The challenging part? I’ve begun to feel most comfortable in my skin when I’m uncomfortable. In our ever-changing environment, I’ve become a chameleon, continuously adapting to my surroundings. I thrive on the challenge, the vulnerability I feel when everything around me is unfamiliar and foreign. It’s in this raw, heightened state that I feel most alive, and somehow awakened to everything around me.
With an experience like this, not a day went by that I wasn’t overwhelmed with gratitude. The crippled Indian boy walking on his hands through our train car sweeping garbage for spare change, that Burmese rickshaw driver all gussied up for a day of waiting in front of our hotel for the chance to make a buck, those twelve precious orphans who captured my heart in Zambia, these are images that fill my head. Reminded daily in these surroundings, I’ve grown grateful for the things I’ve grown up taking for granted. The reality is that no matter where my path of life leads me, it’s not likely I’ll ever have to worry about putting food on the table, a roof over my head and finding clean water to drink. For the thousands of others we met along the way, these thoughts consume their days.
And with this gratitude, comes the sincere appreciation for having someone to share the experience with. Lots of people ask me how I could ever want to spend 400 consecutive days, every waking minute, with my husband. My thought: how could I not? Of course there are days when we’re more on par with the Costanza’s than the Brady’s, but this experience as a couple has been more profound than our thirteen years together combined. There have been so many moments of sheer bliss on this trip, when we pinch each other, knowing we are living our dream. But it’s been the trying moments, the weak and vulnerable times together, that have been the most meaningful. Catching each other’s watery eyes from across the taxi as we drive through the slums of Mumbai, laying awake together at night pondering the plight of the Burmese, a squeeze of the hand as we look down together in the alley at the families in Buenos Aires fumbling through our trash and watching each other coddle the orphans in Zambia as if they were our own, these are the moments I’ll cherish. These are the times when those often hidden layers of ourselves are revealed. Seeing each other react to a kind of helplessness and desperation that we before couldn’t have even imagine existed, it somehow connects us on a deeper level.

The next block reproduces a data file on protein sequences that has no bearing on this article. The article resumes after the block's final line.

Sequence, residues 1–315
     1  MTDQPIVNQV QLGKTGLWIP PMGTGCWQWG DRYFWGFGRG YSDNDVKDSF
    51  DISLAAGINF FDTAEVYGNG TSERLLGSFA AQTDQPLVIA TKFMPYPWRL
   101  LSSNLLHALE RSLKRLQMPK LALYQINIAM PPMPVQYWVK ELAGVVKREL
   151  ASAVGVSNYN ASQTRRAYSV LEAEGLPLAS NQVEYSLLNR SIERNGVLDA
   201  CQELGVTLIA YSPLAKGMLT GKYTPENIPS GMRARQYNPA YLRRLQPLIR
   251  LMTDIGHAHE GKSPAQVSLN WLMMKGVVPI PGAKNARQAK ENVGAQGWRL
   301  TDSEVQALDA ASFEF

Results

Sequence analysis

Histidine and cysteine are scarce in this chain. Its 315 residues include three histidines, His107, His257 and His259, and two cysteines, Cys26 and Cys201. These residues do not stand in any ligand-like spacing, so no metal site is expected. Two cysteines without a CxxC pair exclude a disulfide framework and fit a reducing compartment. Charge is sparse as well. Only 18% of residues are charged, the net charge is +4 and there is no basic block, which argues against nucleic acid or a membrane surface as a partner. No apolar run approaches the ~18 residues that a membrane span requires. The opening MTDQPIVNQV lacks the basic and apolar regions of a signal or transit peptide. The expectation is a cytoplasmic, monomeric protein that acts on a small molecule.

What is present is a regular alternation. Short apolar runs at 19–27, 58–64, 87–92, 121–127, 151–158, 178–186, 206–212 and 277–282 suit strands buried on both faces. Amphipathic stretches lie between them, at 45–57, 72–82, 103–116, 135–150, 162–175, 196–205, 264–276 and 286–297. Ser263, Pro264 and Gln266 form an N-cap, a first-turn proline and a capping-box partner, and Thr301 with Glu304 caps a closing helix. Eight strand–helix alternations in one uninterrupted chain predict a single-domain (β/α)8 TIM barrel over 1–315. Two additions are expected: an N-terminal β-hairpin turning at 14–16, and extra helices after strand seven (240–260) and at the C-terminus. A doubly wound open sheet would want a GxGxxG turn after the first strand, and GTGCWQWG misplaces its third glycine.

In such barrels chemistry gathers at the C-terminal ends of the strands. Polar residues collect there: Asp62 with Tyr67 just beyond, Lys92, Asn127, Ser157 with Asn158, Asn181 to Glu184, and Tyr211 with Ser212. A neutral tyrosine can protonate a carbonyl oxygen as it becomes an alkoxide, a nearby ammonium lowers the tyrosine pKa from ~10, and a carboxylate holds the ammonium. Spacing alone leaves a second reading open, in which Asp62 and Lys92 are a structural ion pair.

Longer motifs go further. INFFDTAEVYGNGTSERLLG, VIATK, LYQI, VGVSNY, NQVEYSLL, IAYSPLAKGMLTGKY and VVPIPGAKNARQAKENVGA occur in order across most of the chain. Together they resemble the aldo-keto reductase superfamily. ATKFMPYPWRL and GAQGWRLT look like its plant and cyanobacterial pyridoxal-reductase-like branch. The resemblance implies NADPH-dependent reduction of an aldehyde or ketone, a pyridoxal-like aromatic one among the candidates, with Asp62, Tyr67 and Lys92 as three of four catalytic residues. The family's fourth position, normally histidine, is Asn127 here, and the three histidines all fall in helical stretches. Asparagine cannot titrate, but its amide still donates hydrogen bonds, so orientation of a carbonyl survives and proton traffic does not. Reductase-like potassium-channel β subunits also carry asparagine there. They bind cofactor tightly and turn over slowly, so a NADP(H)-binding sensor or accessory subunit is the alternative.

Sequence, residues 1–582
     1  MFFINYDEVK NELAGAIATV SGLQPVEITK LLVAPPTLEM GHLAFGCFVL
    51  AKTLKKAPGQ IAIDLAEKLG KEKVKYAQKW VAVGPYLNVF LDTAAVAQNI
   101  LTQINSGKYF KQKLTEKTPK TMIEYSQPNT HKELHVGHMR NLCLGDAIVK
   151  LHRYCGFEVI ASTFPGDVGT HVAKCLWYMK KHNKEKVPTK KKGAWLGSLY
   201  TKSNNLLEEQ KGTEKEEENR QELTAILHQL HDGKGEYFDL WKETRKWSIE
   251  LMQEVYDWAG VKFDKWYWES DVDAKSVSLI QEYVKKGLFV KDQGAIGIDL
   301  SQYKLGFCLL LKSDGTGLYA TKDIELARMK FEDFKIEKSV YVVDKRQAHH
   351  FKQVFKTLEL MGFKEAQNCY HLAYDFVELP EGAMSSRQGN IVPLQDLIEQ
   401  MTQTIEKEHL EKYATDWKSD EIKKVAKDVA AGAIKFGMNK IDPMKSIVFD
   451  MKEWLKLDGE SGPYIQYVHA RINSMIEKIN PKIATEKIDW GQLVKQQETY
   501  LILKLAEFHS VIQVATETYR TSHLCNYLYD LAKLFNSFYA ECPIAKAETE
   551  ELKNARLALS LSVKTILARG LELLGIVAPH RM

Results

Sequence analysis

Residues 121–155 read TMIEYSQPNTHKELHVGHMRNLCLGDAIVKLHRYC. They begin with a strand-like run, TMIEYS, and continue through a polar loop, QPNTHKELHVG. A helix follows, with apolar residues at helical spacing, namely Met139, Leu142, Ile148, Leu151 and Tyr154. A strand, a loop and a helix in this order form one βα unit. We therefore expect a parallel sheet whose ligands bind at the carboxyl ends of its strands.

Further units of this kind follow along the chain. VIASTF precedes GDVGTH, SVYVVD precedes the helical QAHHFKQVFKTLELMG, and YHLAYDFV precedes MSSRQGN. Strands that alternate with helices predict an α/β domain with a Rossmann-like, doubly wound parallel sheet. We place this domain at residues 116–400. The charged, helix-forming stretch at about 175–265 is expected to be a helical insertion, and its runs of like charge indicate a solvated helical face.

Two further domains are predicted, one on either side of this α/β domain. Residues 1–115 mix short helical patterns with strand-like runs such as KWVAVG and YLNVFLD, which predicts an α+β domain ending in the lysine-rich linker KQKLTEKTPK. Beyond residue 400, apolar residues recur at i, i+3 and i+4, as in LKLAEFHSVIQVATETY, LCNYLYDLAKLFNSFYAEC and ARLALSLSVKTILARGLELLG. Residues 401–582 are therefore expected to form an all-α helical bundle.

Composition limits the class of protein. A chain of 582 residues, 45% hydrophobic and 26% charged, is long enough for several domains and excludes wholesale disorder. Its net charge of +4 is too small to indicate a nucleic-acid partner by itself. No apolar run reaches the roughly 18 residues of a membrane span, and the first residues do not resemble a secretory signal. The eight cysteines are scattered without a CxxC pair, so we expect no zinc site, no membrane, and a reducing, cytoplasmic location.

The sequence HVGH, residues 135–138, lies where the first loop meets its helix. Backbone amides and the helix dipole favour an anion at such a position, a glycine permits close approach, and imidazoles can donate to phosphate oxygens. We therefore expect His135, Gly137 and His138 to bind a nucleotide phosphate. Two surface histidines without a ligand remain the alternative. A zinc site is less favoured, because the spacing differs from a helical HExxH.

My close friends and family who have a real understanding of what this journey has been have expressed a bit of concern on how we will handle getting back. “How are you ever going to adjust to reality?” they ask. The thing is, I guess, our reality somehow seems different. We’ve opened our world and aren’t about to close the book.
My Zambian kids said it best. Gyrating their hips and tapping the water pump to the beat of the latest Zambian hip-hop song, they sang to me: “Bring it back now, bring it, bring it back now!” And that’s exactly what we plan to do. We’re going to bring these lessons, this global perspective, the heightened state of awareness, back home with us. It’s not going anywhere.
A week from now I’ll be standing in an airport again, ready to board that last transcontinental flight. Something tells me that backpack is going to rest a bit easier on my shoulders and those jeans just might feel a bit funny on my hips.
Some people grow up knowing they want to be a doctor or pilot. I grew up knowing I wanted to see the world. After 14 months on the road, I have to say: I’ve only just begun.